UPDATE 1-Green group asks U.S. to bar Canada oil sands

Wed Jun 24, 2009 4:28pm EDT

(adds comments from U.S. State Department and Canadian oil producers group)

By Tom Doggett

WASHINGTON, June 24 (Reuters) - An environmental group on Wednesday asked U.S. Secretary of State Hillary Clinton to deny permits for pipelines that would bring oil from Canada's oil sands to the United States.

ForestEthics said production from Canadian oil sands, also known as tar sands, generates up to five times more greenhouse gas emissions than conventional oil. It said this conflicts with President Obama's pledge to tackle global warming.

"Oil from the tar sands is one of the world's dirtiest," the group's executive director, Todd Paglia, said in a letter to Clinton. "For the U.S., continued dependence on tar sands oil would impair plans to reduce our carbon footprint in the short and long term."

Canada is the biggest foreign oil supplier to the United States and Canada's oil sands are the largest crude deposits outside the Middle East.

The group urged Clinton to deny permits for pipelines that would move the oil to U.S. refineries, particularly the Alberta Clipper pipeline. The State Department has a say in pipelines that would cross the U.S. border.

Enbridge Energy Partners LP's (EEP.N) 1,000-mile (1,610-kilometre) pipeline would be able to carry 450,000 barrels of tar sands crude oil a day from Alberta, Canada to Superior, Wisconsin. The oil would then be sent to U.S. refineries to be processed into petroleum products such as gasoline and diesel fuel.

The U.S. portion would be 326 miles long and cost $1.2 billion. If approved, it would be operational in mid 2010.

Enbridge spokeswoman Denise Hamsher said the State Department's decision is based on a pipeline, not on oil production that occurs in Canada where it does not have jurisdiction.

"What would the Midwest do without that supply?" asked Hamsher, who pointed out that 1 million barrels a day in Canadian sands oil is already exported to the United States.

State Department spokesman Andrew Laine said the Alberta Clipper pipeline project was under review "and it is premature to comment while the review process is ongoing."

U.S. Energy Secretary Steven Chu said this month that technology will help solve the environmental problems connected with Canada's oil sands production. But ForestEthics said technology will not be able to overcome human health hazards associated with oil sands production.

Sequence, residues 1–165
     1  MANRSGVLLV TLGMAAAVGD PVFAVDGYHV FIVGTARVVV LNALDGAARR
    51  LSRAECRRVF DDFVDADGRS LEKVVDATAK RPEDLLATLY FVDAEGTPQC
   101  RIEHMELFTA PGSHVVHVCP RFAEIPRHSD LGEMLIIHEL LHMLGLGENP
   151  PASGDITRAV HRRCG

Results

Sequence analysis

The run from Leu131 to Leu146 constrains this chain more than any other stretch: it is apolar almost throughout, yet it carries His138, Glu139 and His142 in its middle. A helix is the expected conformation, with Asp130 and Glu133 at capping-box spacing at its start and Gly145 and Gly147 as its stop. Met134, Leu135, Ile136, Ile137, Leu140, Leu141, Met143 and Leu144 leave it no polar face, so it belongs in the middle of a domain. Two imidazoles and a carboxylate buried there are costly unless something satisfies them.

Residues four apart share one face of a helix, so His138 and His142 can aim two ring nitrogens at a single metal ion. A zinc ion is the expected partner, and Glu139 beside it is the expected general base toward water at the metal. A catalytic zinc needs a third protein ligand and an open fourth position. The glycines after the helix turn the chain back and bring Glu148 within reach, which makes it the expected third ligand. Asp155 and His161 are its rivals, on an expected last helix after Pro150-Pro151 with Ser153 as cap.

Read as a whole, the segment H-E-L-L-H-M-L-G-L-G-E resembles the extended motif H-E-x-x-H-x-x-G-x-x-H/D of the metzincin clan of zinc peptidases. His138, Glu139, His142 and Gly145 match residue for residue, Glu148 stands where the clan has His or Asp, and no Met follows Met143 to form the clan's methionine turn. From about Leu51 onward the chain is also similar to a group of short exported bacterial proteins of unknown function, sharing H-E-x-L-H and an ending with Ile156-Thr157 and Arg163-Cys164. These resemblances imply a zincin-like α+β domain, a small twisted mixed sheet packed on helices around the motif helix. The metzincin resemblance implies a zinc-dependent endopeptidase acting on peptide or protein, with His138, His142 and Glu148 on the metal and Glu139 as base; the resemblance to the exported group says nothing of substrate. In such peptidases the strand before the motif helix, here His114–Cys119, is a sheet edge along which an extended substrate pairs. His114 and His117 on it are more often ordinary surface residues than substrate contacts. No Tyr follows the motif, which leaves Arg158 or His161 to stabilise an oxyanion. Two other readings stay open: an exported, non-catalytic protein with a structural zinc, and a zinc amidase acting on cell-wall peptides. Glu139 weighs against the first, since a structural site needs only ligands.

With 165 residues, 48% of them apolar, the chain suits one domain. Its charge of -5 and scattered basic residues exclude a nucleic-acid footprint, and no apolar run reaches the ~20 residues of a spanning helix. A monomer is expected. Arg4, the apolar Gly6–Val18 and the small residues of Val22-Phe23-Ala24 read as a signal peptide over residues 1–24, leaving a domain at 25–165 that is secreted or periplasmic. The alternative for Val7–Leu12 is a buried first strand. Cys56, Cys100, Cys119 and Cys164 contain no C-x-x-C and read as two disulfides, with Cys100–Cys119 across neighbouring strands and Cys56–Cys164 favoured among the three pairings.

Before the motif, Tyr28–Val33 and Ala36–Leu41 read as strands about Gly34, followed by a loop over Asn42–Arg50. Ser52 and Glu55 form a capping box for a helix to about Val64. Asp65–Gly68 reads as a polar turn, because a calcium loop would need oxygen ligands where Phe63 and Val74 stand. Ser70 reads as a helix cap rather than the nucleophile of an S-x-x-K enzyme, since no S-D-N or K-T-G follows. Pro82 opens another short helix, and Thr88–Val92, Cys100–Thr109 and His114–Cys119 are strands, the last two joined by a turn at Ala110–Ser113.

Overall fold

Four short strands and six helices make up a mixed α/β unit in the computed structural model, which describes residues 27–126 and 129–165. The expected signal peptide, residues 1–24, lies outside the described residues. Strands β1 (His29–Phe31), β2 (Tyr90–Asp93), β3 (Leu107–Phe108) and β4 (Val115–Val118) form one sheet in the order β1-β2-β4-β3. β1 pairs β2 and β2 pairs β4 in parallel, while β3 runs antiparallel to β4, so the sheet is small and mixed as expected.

"In Alberta, where most of the Canadian tar sands operations are currently located, there are elevated rates of cancer in downstream communities," the group said.

Travis Davies, spokesman for the Canadian Association of Petroleum Producers, said studies have not cited a link between oil sands and cancer in nearby communities.

Davies acknowledged that oil sands production causes higher greenhouse gas emissions, but not at the rate five times higher claimed by ForestEthics.

He said the full life-cycle emissions from oil sands -- production, transport, refining and end use -- is only 5 to 15 percent more than oil imported from Saudi Arabia and about equal to oil from Venezuela, Mexico, Nigeria and even California.

Still, ForestEthics protested outside the State Department on Wednesday by giving passersby the chance to smell glass vials of the tar sands that are labeled "dirty oil by any other name would be as risky."

The group joined with the Sierra Club to raise their concerns about Canadian tar sands to U.S. lawmakers by taking out a full-page ad in a prominent Capitol Hill newspaper.

The political-based cartoon shows a young girl worried about a huge pipeline, labeled "World's Dirtiest Oil" at the U.S.-Canadian border, and asking Secretary Clinton: "Is this my clean energy future?" The ad can be seen at the group's website www.ForestEthics.org.

"Secretary Clinton now has an opportunity to show that America is a global leader in the clean energy economy. It's simply not in our national interest to allow this project to move forward," said Sierra Club executive director Carl Pope. (Reporting by Tom Doggett; Editing by Marguerita Choy)

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